Monthly Archives: May 2014

Ruby-throated Hummingbird

Hummingbird This week’s project for my birds class is about drawing birds in flight and iridescence – which are the perfect topics for a hummingbird study. Speaking of hummingbirds, the other day I took a quick break from drawing and happened to pass by the window next to our apple tree when I spotted a Ruby-throated Hummingbird zipping around. It was a great treat to watch him hover around the blossoms. I think he came to tell me he approved of my choice in topics.

Most of the time we see a hummingbirds’ wings as a blur but I was able to find a reference photo that stopped his wings while they were outstretched. I kept the detail simple using grays and lilac to capture the form. The gorget (throat) was done by layering magenta (or mulberry) over a layer of white. This makes the color brighter, had I layered white over the color it would have dulled it. For the darker scales on the left I used crimson lake (or crimson red) next to the magenta.

To create the illusion of iridescence you need to alter how you normally apply color pencil. Usually you make smooth transitions from light to dark but in this case you want to your transitions to happen very quickly almost as if you put dark and light colors right next to each other with no mid-values in between. The same applies for any areas under the bill that are in shadow. You need to transition quickly to a very dark value. I used black grape for the shadow, I think it is a more believable shadow color rather than layering black over the magenta. If you don’t have black grape you can create your own color mix by layering violet over black.

I would like to thank my students for sharing in this adventure with me. You have all accomplished so much, you should be proud of all your hard work. I hope to see you in the fall for more adventures in colored pencil.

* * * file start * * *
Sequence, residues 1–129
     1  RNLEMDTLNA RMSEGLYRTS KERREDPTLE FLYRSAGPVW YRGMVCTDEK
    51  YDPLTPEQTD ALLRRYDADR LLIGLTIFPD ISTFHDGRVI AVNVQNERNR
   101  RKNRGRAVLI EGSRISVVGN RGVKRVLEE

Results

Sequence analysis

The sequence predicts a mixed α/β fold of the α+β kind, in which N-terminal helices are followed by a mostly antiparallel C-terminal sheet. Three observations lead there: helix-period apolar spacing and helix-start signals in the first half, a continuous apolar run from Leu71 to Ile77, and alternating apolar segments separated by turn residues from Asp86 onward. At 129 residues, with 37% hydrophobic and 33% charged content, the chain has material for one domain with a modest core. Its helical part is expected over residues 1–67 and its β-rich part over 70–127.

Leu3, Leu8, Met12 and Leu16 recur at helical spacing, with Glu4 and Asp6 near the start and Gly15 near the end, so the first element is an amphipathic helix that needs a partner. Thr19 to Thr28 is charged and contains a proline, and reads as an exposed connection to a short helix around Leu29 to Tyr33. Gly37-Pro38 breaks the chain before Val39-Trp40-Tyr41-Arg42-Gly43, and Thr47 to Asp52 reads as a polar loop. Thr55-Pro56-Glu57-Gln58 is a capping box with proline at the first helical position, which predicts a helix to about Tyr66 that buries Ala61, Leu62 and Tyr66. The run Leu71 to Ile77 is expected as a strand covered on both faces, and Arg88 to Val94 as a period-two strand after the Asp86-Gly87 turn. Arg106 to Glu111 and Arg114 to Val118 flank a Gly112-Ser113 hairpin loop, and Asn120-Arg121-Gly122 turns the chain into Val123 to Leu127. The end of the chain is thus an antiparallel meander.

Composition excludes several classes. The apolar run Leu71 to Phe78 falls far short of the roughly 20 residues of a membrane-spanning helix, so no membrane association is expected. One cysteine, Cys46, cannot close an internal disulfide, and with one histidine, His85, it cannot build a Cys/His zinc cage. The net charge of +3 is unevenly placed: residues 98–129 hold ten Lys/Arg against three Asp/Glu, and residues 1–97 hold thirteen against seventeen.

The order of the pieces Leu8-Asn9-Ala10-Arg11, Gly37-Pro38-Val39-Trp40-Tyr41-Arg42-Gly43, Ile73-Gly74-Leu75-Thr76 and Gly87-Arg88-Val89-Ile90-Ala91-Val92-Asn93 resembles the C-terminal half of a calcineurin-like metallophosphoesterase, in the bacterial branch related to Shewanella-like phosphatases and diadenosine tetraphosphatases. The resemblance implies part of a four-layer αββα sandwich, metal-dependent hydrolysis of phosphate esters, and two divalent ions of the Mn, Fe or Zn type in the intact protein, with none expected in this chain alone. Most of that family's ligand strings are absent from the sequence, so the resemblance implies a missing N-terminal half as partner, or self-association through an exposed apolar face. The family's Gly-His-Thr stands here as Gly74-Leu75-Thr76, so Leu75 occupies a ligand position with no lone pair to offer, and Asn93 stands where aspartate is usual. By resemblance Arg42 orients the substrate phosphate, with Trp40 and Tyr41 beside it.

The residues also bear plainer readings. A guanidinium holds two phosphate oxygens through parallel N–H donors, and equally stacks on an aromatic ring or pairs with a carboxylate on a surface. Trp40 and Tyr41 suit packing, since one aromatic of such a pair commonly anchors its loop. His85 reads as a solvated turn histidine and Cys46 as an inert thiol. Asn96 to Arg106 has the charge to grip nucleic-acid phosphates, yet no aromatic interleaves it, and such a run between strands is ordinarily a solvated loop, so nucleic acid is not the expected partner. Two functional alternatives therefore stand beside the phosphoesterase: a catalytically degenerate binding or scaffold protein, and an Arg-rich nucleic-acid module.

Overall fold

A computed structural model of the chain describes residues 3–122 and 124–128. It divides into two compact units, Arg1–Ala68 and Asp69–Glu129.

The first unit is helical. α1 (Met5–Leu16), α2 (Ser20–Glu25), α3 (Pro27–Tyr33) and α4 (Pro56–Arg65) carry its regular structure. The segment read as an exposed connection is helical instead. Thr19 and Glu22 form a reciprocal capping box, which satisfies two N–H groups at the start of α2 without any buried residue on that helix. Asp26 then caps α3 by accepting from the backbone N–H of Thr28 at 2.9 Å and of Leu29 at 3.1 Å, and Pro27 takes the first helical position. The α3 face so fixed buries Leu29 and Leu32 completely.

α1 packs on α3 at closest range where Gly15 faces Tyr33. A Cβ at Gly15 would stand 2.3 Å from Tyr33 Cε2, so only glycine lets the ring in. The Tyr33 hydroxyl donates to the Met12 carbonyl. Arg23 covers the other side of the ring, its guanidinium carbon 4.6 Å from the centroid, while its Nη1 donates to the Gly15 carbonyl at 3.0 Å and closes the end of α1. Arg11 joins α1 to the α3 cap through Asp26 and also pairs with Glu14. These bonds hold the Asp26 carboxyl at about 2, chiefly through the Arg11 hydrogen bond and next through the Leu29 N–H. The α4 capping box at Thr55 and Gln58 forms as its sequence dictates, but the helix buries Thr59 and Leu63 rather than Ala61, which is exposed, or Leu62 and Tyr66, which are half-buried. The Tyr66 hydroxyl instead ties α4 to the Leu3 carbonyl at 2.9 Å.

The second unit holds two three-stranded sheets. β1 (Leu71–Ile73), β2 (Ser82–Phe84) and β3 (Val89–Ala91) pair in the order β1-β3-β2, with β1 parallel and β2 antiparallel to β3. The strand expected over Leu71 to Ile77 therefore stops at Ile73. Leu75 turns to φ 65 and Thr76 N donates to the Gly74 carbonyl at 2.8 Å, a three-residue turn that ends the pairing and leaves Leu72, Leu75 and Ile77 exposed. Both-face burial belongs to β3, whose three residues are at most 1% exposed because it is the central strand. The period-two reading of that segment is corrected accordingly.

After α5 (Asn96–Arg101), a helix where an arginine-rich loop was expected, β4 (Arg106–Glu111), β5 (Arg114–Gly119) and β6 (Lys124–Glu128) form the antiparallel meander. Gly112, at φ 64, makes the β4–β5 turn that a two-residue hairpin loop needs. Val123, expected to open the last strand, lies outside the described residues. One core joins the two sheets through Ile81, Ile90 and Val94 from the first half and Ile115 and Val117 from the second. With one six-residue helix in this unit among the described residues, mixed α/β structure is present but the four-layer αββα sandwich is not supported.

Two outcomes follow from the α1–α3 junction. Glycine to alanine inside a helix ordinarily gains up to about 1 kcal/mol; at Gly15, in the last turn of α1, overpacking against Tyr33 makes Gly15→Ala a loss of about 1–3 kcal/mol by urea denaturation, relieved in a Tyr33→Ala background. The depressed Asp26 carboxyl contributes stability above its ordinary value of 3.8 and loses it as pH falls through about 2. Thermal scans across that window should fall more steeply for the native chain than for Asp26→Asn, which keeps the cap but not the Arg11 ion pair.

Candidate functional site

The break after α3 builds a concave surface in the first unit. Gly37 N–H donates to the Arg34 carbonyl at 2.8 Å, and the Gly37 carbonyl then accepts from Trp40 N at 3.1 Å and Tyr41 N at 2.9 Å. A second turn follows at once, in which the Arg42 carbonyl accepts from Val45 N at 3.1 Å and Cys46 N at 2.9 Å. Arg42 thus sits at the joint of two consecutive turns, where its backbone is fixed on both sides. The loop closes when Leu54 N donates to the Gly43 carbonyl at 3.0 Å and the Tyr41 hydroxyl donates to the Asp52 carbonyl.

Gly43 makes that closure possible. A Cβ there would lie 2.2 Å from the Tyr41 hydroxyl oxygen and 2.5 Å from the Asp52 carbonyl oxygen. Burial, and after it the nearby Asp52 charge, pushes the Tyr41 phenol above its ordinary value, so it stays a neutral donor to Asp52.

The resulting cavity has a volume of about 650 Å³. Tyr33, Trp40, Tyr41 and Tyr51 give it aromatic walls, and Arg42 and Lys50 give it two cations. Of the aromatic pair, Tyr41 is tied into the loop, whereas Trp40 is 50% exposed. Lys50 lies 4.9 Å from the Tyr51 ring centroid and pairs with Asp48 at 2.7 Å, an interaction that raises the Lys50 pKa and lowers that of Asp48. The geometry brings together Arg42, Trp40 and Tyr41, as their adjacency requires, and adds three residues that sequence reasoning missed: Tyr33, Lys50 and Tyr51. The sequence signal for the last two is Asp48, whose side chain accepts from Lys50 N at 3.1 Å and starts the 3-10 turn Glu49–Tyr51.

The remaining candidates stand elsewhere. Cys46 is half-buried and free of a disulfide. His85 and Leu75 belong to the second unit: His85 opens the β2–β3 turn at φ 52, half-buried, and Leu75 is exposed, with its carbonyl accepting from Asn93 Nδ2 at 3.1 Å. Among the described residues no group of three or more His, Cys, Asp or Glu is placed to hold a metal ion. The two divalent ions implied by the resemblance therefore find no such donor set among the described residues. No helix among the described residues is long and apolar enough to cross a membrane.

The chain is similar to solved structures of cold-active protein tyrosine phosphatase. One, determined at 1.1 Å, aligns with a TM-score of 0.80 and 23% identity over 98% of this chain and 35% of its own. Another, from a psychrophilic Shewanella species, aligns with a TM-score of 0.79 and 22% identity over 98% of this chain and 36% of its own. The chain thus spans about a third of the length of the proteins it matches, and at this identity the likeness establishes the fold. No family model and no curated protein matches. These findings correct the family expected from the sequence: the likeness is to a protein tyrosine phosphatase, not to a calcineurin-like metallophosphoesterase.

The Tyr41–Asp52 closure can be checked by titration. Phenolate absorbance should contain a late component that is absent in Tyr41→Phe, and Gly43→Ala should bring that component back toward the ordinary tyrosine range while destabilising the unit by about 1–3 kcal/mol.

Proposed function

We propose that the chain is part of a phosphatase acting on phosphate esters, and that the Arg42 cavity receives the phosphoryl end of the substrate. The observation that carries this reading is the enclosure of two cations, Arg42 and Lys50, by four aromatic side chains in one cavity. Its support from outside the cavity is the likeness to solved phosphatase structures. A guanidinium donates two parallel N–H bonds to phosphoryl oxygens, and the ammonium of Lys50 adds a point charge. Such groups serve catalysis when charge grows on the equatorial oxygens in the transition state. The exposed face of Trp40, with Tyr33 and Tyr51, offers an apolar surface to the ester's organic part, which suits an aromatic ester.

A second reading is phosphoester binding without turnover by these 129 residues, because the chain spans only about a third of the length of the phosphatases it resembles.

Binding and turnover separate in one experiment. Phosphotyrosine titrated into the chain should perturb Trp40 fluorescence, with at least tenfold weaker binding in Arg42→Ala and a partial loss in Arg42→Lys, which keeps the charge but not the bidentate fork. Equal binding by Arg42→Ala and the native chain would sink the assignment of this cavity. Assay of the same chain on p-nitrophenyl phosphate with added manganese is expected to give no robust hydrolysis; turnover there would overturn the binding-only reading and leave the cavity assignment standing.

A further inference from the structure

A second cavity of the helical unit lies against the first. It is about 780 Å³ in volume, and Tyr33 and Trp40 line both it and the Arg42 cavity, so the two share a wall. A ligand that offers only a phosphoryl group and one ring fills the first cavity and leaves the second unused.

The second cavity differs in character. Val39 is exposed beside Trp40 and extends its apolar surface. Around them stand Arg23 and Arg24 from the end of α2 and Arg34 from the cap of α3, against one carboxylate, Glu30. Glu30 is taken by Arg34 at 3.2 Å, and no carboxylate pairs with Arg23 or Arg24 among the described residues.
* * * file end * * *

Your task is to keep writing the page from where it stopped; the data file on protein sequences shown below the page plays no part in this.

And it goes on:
Cheers!

Kelli

Great Horned Owl

Great Horned OwlThis week’s project in my bird class is drawing and painting an owl. Normally when I demonstrate how to draw a bird I talk about using a circle or an ellipse to represent the head. When it comes to raptors we deviate a little, if you look closely at this bird you may notice that its head is more angular than the other birds we have drawn like the goldfinch, puffin, and warbler. Rather than use a circle I recommend beginning with a rectangle and adding curves where needed. I think this approach retains the blocky quality of this particular species better.

Each week I chose the subject so that there is something new to learn but I also look for opportunities to reinforce previous techniques. The new part of this lesson is how to draw more angular features and the technique review is color mixing. While there may be an exact pencil color for each feather group I like making my own mixes. I think it gives more vibrancy and depth to the artwork. Since we aren’t machines there are variations in the amounts of each color used and no matter how skillful you are at applying color smoothly, each color magically peeks through. These variations make color pencil paintings lively and beautiful. I used a mixture of browns (umber, sienna, bister, and dark brown) mixed with warm grays and peach. The peach gives a warm golden glow to the fur. The eyes were a mixture of canary yellow, yellow ochre, goldenrod, and cool gray for the shadows (you could also use violet in the shadows since it is the complement of yellow if you don’t have cool gray). The paper I selected was my Stillman & Birn Alpha sketchbook. I like how the Alpha paper responds to the many layers of pencil that were needed to complete this piece.

Next week will be the last bird class, I have some ideas on what our next subject will be. One bird I am considering can fly fast, stop instantly, hover, and even fly backwards. If you know what it is leave a comment below.

Until next time keep those pencils sharp!

Kelli

Cerulean Warbler

Cerulean Warbler

This week in my drawing birds class we will be focusing on wings. There is a tendency for artists (both beginners and those with more experience) to want to include every detail in a piece. Often times the suggestion of detail can be much more compelling. When drawing birds it is important to observe all the details but it is also important to know when to leave things out. In the case of bird wings I prefer not to include every line I see, I think it helps keep my birds from looking too scaly. If you find your birds are looking a bit overdone remove some of extra lines and focus on the transitions between colors to create the illusion of detail.

For this painting I chose to perch my warbler on a forsythia branch that I clipped from a bush in my garden. I like the combination of the blue with the bright yellow blossoms, it gives the composition a nice contrast.

Purchase this painting »

Cheers!

Kelli